A leader in The Australian today suggests how the debate in beginning to be shaped by the revelations on the generous Dr Pachauri, who gives all his pocket money to his own institute – without then declaring how much he gets in return.
Says the leader:
Essentially, the conference's failure to update the Kyoto Protocol leaves developing nations to do as they like. But as the long list of business interests of Rajendra Pachauri, chairman of the UN's Intergovernmental Panel on Climate Change and head of India's Energy and Resources Institute, suggests, the politics of carbon are replete with vested interests.That is indeed the question, but it was one raised exclusively on this blog a mere eight days ago and developed in subsequent posts. But it took the power of "Big Media" to project the story and give it that all-important "reach" that a small blog cannot achieve – significantly helped of course by James Delingpole and his MSM blog and influential independents such as Bishop Hill.
How Dr Pachauri can remain impartial given his reported interests in fossil fuel, venture capital, alternative energy, research and motor vehicle companies is an interesting question that he is yet to answer satisfactorily.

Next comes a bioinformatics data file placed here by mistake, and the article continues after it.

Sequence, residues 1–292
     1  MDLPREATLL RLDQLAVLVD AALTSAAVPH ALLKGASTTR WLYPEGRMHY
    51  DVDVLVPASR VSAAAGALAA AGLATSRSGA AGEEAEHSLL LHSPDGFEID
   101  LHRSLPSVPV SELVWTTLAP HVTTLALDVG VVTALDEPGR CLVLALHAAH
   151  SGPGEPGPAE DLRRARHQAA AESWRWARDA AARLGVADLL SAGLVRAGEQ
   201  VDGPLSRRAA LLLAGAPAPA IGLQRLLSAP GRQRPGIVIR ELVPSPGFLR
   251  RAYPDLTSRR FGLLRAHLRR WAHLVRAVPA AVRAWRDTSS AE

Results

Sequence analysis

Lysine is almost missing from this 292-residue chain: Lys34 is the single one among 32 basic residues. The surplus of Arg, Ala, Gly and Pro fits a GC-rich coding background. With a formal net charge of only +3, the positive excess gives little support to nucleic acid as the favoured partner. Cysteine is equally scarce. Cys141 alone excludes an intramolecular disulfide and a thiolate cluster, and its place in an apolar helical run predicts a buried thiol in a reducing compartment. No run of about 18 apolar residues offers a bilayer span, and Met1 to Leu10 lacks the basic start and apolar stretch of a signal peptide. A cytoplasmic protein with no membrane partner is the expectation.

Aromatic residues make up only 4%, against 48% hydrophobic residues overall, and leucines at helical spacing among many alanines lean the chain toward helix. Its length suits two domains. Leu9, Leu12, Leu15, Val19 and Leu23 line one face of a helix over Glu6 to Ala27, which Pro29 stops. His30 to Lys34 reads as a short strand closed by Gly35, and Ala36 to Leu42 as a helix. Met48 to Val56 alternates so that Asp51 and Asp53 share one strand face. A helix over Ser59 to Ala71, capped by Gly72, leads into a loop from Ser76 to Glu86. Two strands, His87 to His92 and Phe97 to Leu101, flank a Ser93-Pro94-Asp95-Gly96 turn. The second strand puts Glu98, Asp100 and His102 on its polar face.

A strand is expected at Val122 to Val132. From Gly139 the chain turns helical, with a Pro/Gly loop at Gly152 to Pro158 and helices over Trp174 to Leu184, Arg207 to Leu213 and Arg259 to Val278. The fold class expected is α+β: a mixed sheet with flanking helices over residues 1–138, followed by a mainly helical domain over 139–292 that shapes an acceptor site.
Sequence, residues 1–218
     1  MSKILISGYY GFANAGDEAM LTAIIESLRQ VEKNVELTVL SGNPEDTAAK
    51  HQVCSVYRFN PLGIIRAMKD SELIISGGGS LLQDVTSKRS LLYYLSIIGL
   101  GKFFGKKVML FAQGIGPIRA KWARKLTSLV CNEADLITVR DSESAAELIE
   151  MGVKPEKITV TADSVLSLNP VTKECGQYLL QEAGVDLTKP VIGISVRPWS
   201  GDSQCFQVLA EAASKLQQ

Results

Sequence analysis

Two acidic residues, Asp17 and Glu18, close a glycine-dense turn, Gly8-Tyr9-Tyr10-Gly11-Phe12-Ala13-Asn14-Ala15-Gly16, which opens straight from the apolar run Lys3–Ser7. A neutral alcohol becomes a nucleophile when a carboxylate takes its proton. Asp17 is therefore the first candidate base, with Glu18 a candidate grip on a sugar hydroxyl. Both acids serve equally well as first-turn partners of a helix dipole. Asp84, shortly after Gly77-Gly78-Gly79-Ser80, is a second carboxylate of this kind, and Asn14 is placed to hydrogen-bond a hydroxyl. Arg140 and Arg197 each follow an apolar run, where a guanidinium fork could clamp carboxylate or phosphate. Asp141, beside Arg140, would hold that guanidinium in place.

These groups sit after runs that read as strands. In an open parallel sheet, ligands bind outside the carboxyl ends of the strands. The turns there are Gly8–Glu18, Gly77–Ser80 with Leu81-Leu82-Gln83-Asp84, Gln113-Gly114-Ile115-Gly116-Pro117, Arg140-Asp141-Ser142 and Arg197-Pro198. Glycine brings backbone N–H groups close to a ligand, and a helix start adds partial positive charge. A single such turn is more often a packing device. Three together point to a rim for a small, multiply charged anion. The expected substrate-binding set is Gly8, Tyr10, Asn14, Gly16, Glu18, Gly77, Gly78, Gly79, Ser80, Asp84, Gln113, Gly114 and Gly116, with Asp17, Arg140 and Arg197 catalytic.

A point that emerges from that experience is that the MSM and the blogs are not in competition – there is a synergy between them. They can feed off each other and achieve things which alone they could not, as the message of each is spread through the net. This is a lesson some newspaper editors and proprietors – with their dog-in-the-manger attitude to links – could do well to take on board.
But the main lesson to emerge is of the power of the internet as an information tool. Here, from a tiny room in deepest West Yorkshire, without ever leaving the desk, one can reach out through the portal of the computer and conduct a world-wide search, ranging – as this one has done – from Copenhagen, New York and Washington, to India, China, Japan and all points between.
Used effectively, this gives the "citizen" unimaginable power. Searches that would have taken weeks and months, requiring resources beyond the scope of the individual, are now within the reach of anyone equipped with the internet and a laptop costing no more than a few hundred pounds, working out of a back room in a normal home – and they can be done in hours and days.
Business, government and even (or especially) social discourse now relies on the internet but, in so doing, they leave footprints which are difficult to hide. And, if they are there to find, we will find them. In a world dominated by vested interests and crooks like Pachauri, the internet is a tool for freedom.
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